Just to be clear, by commercial you mean non-military? I didn't know commercial projects were classifiable at all.

Weird, wild-stuff...
 

KJ_Lesnick

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For the most part, no. The classification system works, to a point. Things are made secret or TS, TS/SCI for a reason. Where the system breaks most often is when things need to come *out* of the black. Once something disappears behind that curtain it can take on a life of it's own, and never come out without some outside stimulus.
Well yeah, it's one thing to classify it for a time when it's needed, but after that point: It should be declassified if that need lapses.
A good example here is TIMBERWIND. TIMBERWIND (I know I am going to get corrected here, most likely by blackstar) was a particle bed reactor nuclear rocket engine project during the 80s. It was owned by SDIO, built by Yoyodyne Systems, and was primarily intended to power an interceptor missile, though there were plans for it to power heavy lift vehicles as well.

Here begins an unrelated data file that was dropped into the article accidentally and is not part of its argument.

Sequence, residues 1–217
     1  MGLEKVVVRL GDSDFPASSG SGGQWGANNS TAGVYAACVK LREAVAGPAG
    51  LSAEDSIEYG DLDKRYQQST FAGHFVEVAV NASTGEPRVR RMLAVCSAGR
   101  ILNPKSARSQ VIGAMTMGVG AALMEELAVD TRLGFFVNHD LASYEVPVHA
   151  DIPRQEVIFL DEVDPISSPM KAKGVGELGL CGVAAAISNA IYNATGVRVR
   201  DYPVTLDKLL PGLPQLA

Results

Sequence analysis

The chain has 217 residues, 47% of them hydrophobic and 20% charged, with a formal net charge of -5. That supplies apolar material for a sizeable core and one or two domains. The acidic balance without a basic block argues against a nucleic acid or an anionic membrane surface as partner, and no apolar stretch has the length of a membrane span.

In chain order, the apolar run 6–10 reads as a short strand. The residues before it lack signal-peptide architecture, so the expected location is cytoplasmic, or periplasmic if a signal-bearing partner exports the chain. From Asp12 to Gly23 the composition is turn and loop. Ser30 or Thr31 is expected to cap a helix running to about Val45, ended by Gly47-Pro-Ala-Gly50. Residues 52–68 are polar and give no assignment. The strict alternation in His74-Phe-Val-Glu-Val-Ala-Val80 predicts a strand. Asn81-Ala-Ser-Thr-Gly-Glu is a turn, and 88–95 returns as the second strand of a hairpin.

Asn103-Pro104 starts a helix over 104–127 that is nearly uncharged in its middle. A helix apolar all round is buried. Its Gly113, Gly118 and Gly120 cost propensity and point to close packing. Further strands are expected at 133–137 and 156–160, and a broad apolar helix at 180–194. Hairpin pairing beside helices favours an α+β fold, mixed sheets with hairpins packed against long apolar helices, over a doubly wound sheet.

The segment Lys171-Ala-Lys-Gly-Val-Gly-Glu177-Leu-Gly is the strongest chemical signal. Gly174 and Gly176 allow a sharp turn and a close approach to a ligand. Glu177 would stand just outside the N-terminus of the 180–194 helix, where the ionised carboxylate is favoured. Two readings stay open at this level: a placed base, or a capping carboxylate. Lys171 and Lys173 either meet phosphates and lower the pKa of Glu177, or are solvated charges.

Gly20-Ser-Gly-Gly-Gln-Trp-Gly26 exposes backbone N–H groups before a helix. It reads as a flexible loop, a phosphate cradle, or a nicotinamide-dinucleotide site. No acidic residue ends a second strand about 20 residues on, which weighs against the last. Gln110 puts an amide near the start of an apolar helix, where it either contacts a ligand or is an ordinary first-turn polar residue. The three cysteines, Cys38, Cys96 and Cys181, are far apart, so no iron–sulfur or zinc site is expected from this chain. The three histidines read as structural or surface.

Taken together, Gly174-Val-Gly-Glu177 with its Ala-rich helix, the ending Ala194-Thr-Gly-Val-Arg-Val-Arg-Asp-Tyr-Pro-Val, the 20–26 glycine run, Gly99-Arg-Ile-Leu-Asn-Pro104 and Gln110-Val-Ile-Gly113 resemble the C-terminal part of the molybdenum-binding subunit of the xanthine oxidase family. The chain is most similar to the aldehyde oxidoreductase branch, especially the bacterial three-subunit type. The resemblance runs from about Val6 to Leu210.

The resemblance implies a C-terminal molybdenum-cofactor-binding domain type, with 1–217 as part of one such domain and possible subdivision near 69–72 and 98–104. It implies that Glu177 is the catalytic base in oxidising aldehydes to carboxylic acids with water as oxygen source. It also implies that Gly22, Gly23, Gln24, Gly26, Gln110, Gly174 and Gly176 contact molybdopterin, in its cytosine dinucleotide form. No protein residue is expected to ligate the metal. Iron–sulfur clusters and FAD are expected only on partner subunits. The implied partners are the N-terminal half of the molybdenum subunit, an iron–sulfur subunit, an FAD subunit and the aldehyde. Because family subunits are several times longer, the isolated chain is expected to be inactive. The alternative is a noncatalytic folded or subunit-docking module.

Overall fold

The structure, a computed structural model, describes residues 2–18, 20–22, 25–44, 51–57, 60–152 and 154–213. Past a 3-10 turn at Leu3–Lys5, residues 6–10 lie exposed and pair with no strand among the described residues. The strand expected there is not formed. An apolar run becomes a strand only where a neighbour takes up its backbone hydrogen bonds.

I'm not an expert on Timberwind but I fail to see the use of a NTR as a missile interceptor -- that could have been met by simply developing the LIM-49 and Sprint system. There were already proposals that would allow greater intercept radii for the Spartan (with a smaller warhead), and variants of the Sprint that had a few times the maneuverability of the earlier design. There were also proposals for phased-array radar systems that were modular and would be more capable than the larger systems used for Sentinel/Safeguard.

The idea of developing a nuclear thermal rocket makes a lot more sense for heavy-lift or interplanetary flight because of the higher specific impulse. The idea is basically that of an orbital bombardment system. This idea wasn't entirely new, even in the 1980's, as there were already a number of concepts which included the following